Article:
Once you’ve read Dr McQuarry’s great information be sure to download the pdf version and additional links and to register here for our teleseminar with Dr McQuarry on April 25th where she will be able to answer your personal questions.

Before we start let’s define the terms infectious disease, biosecurity and fomite.

Infectious disease – Any disease caused by the entrance, growth, and multiplication of microorganisms in the body; a germ disease (A disease caused by a microorganism or other agent, such as a bacterium, fungus, or virus that enters the body of an organism.). It may not be contagious from one animal to another.

Examples of infectious and contagious disease: EHV-1, influenza

Example of infectious but not contagious disease: ascarids (roundworms)

Biosecurity – A somewhat scary sounding word that really just means taking steps to prevent spread of disease in and outside of your barn. Biosecurity embodies all the cumulative measures that can or should be taken to keep disease (viruses, bacteria, fungi, protozoa, parasites) from a farm and to prevent the transmission of disease (by humans, insects, rodents, and wild birds/animals) within an infected farm and to neighboring farms.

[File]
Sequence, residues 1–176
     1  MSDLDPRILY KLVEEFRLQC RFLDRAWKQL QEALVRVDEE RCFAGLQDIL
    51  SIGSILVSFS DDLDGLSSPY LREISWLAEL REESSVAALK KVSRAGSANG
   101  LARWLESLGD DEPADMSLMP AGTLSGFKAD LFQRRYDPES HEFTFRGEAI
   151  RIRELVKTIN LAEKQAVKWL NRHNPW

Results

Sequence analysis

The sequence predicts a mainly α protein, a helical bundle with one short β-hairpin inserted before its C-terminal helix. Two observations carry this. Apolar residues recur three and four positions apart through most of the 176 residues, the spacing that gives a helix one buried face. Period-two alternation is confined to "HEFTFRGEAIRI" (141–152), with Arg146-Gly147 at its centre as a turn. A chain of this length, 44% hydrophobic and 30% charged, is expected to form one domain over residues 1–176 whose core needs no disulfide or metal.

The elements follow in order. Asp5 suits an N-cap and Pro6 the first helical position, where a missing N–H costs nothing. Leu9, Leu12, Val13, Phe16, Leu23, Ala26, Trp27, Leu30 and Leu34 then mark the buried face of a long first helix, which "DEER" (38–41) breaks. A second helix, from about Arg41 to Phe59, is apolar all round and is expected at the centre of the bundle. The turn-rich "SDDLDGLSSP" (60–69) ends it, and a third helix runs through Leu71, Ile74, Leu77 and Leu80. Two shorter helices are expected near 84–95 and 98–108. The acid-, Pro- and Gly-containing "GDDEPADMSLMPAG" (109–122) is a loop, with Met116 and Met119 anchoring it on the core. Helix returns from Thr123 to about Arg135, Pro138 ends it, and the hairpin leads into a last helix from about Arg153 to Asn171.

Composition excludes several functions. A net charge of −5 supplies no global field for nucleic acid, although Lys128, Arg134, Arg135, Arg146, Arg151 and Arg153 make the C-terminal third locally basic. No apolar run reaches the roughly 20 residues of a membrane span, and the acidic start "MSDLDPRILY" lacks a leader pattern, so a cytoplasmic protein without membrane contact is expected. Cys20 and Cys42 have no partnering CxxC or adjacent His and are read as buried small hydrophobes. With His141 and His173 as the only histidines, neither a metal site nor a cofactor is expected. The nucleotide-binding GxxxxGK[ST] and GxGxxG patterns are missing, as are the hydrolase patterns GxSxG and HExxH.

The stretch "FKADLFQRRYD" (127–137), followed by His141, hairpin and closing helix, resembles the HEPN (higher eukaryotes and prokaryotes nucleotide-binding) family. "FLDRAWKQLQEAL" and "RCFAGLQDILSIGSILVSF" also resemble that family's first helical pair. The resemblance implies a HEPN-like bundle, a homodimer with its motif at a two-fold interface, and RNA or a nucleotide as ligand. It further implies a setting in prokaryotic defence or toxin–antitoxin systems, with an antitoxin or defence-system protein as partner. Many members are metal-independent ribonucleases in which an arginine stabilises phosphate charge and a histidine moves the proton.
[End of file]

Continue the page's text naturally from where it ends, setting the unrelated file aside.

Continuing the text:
Fomite – An inanimate object or substance that is capable of transmitting infectious organisms from one individual to another. Common fomites for horses: food/water buckets, brushes, tack, owners, veterinarians.

 Disease Recognition and Containment

Clinical signs of infectious disease will vary depending on what the disease is and how severely affected the horse is. Most important to disease recognition and treatment is knowing your horse’s normal behavior; anything out of the ordinary should encourage you to check your horse over thoroughly and call your veterinarian early if concerned.

 Signs of definite concern:

  • Fever, >102.5°F (normal temperature is 99.5°F – 101.5°F)
  • Gastrointestinal
    • Anorexia
    • Diarrhea
    • Respiratory
  • Nasal discharge, ocular discharge
    • Cough